Irv Muchnick writes for BeyondChron and for his website ConcussionInc.net about the concussion issue facing sports today. What began in WWE wrestling for Irv has migrated to the mainstream sports. Below is an excerpt from the introductory article about his new e-book titled “UPMC Concussion Scandal Ground Zero”.
Another major North American sport, hockey, now faces its perfect storm with the second and, for all we know permanent, sidelining of its greatest and most athletically artistic star – Sidney Crosby, his generation’s answer to Wayne Gretzky. Had Gretzky, in the 1980s, been disabled long-term or for good by concussions, then the National Hockey League either would be vastly smaller-time today or would not exist at all. It is impossible to calculate the tens or even hundreds of millions of dollars in ticket sales, rights fees, and merchandise revenue that the loss of Crosby might mean for the contemporary NHL.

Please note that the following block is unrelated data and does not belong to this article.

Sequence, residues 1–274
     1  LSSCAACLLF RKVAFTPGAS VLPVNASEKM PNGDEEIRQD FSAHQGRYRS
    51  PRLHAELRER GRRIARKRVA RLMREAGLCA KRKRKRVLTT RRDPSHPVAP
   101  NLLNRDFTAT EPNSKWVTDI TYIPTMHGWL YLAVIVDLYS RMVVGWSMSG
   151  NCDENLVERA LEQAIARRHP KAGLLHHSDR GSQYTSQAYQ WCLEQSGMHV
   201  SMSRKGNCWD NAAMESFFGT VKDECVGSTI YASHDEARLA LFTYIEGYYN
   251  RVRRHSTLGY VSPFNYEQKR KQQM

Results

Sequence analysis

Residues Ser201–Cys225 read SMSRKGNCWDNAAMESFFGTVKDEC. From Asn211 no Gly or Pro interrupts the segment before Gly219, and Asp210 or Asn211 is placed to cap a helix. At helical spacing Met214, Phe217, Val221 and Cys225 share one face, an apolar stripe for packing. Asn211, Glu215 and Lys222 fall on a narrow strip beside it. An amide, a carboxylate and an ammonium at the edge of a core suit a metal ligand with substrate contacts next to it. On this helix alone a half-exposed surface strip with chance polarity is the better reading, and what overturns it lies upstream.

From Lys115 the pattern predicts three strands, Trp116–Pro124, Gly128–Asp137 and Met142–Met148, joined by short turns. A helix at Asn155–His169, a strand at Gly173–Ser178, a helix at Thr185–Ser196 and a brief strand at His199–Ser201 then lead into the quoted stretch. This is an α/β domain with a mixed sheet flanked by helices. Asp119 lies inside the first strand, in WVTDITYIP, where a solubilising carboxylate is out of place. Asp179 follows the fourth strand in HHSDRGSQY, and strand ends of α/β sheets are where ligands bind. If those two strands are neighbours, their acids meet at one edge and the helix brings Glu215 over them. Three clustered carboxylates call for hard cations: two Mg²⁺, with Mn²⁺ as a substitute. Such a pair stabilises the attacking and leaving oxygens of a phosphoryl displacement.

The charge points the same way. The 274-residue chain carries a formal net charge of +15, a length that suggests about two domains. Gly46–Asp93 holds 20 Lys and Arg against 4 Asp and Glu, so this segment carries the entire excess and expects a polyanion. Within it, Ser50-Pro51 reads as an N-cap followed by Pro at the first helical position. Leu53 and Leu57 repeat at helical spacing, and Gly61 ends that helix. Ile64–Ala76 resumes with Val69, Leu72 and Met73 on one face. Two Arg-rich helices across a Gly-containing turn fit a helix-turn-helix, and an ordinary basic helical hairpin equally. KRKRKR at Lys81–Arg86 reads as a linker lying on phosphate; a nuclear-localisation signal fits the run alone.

During the continentally televised Winter Classic game on January 1, 2011, the Pittsburgh Penguins’ Crosby was concussed by a shoulder to the helmet from an opposing Washington Capitals player. Quickly cleared to return to play, Crosby got slammed into the glass four days later in a game against the Tampa Bay Lightning, which knocked him out of action for more than 10 months. Crosby came back last month but lasted only eight games before having to pull himself again due to lightheadedness, dizziness, and other chronic abnormalities associated with a concussion offshoot known as vestibular disorder.
The medical team that checked out Crosby after January 1 and determined he was good to go on January 5?